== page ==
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CDC report: Suicide rate rising among college students

Cara Walsh

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Suicide rates among college-age adults rose slightly during the 2001-2002 school year, according to a report issued by the Centers for Disease Control and Prevention.

The report’s statistsics are the most recent data on suicides by the CDC.

About 148 more college-age people killed themselves in 2002 than in the previous year, according to the report. This increase follows six years of declining rates.

“It’s a complex issue we don’t completely understand,” said Arri Sendzimir, executive director of the Jed Foundation, a non-profit organization working to prevent youth suicide.

“When someone who has a predisposition to suicide is in a stressful environment, this can trigger suicide, but that’s not a blanket formula,” Sendzimir said.

First-time separation from home as well as high expectations of success from parents and professors can create a stressful environment, Sendzimir said. However, college-age students who attend a university are half as likely to commit suicide as their non-enrolled peers.

On average nearly 1,100 students take their own lives each year, according to the CDC Web site. Suicide is the second largest killer of American college students, surpassed only by accidents.

Weinberg sophomore Yehuda Yudkowsky died on Interstate 94 last November in what medical examiners later ruled a suicide. In December 2002, Weinberg freshman Charles Kim killed himself in his Sargent Hall dorm room.

McCormick junior Samantha Cruz said she thinks Northwestern offers resources for depressed students.

“I’ve known some people who were depressed, but it was always helped before it got out of control,” she said. “I feel like places like the Multicultural Center, advising and student groups provide a good safety net for students.”

According to the CDC report, suicide risk factors include depression, sadness, hopelessness and stress. Of all students who commit suicide, 95 percent are depressed. About 10 percent of all college students have been diagnosed with depression.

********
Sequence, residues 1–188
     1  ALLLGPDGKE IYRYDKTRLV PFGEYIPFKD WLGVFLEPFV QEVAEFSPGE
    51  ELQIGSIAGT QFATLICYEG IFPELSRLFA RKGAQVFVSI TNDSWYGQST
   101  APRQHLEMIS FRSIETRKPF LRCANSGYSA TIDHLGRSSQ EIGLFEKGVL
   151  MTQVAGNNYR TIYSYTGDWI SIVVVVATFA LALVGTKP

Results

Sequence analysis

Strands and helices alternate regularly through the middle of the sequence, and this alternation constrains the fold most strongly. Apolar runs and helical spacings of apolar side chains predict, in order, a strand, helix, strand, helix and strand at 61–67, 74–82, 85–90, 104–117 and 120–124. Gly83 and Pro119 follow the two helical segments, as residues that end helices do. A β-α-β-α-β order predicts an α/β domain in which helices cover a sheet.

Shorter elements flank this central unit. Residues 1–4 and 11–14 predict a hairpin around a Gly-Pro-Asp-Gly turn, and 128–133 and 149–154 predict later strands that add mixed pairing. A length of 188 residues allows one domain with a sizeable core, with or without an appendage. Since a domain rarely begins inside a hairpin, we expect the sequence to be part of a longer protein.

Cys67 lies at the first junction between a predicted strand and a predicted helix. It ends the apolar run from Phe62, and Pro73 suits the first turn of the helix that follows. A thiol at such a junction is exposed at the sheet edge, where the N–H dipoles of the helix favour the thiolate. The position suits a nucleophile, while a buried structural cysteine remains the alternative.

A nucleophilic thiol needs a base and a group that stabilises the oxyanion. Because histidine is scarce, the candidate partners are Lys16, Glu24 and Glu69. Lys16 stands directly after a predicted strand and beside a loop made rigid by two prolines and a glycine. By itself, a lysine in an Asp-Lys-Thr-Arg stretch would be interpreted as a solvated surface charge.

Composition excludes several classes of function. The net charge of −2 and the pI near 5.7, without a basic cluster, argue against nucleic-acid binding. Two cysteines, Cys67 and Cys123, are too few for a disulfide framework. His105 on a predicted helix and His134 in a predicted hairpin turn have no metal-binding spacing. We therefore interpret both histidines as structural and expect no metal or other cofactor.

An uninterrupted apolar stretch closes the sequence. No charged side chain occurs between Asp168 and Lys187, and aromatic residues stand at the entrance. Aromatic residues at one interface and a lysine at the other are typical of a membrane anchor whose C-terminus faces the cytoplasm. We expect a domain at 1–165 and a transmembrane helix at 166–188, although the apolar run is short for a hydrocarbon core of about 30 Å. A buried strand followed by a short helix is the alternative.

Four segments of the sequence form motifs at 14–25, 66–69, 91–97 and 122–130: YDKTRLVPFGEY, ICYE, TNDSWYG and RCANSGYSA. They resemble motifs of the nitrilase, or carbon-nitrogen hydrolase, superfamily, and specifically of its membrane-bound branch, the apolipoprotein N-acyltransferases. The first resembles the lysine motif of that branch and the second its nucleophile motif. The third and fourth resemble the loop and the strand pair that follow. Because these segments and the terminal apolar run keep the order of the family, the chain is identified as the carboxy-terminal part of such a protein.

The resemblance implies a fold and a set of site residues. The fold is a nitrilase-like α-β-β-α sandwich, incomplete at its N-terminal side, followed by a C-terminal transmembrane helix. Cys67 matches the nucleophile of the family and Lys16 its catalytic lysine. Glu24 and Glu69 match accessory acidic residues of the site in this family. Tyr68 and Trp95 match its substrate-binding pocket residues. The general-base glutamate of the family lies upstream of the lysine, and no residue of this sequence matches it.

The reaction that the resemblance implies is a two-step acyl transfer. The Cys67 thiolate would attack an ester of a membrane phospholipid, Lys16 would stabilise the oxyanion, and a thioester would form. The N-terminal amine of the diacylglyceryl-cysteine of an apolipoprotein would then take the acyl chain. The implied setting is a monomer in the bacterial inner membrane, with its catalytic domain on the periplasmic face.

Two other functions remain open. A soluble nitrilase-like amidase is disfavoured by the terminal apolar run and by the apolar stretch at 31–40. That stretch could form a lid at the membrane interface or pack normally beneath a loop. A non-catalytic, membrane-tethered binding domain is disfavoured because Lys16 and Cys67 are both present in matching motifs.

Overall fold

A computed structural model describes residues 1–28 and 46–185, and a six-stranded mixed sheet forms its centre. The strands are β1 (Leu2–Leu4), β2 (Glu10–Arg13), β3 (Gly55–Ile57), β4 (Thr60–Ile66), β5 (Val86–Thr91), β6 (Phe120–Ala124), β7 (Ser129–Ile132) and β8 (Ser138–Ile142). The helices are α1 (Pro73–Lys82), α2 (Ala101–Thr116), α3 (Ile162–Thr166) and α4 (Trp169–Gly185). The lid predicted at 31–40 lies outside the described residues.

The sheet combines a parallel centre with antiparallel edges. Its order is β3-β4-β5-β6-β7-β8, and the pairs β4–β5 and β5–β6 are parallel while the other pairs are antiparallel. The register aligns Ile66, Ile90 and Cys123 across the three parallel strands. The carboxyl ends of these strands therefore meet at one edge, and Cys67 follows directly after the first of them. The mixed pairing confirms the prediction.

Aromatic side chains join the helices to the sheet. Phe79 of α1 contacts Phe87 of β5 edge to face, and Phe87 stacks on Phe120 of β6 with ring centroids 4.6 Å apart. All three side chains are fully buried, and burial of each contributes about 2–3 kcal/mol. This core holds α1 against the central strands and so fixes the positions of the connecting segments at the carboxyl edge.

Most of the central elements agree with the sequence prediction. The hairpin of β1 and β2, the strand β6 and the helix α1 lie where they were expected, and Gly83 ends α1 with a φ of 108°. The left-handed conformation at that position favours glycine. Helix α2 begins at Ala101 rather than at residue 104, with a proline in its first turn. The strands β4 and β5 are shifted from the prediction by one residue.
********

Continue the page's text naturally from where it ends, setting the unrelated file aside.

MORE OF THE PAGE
Stan Lewy, founder and president of the Midwest chapter of the American Foundation for Suicide Prevention, said these statistics are alarming.

“If someone suspects a friend is suicidal they should try to get them to the health service or at least alert the health service if the friend won’t go,” Lewy said. “We have an ad campaign that says it’s better to lose a friendship than to lose a friend.”

Women are three times more likely than men to report suicide attempts, but men are more than four times as likely to commit suicide, according to the CDC. About 75 percent of all suicide victims on college campuses are male.

Verbal clues signaling suicidal thoughts are the biggest warning signs, Lewy said. Other signs that someone may be suicidal include recklessness, changes in behavior or appearance, substance abuse, and withdrawal from friends and family. Psychological support is important for preventing suicide.

“A feeling of suicide is very often just a transitory feeling, so it’s really important to give someone the opportunity to get through it,” Lewy said. “If someone is suicidal, don’t leave them alone. You need to get them help.”

Reach Cara Walsh at c-walsh@northwestern.edu.

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